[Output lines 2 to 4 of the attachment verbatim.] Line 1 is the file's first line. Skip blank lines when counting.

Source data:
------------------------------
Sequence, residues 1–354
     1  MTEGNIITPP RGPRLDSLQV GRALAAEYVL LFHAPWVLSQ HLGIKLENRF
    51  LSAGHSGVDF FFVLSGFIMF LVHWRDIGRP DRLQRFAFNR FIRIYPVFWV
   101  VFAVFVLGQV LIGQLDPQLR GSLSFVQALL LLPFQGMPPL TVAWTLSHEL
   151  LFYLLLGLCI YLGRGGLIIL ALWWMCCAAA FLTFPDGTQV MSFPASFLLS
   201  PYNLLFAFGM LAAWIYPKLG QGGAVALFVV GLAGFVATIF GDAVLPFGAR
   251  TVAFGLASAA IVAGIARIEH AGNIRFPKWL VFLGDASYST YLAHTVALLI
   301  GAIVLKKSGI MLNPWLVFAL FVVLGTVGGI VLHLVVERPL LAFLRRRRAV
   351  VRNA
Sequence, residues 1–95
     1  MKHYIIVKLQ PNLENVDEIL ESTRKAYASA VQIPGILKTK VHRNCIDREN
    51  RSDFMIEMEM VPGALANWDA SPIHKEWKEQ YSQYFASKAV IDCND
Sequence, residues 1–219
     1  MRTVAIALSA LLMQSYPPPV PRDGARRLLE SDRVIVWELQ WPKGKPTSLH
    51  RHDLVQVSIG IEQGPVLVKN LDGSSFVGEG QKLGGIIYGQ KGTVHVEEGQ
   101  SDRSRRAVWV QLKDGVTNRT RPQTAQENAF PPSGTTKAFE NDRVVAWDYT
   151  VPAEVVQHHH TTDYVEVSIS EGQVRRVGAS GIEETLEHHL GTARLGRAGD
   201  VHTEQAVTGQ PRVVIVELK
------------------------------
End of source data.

     1  MTEGNIITPP RGPRLDSLQV GRALAAEYVL LFHAPWVLSQ HLGIKLENRF
    51  LSAGHSGVDF FFVLSGFIMF LVHWRDIGRP DRLQRFAFNR FIRIYPVFWV
   101  VFAVFVLGQV LIGQLDPQLR GSLSFVQALL LLPFQGMPPL TVAWTLSHEL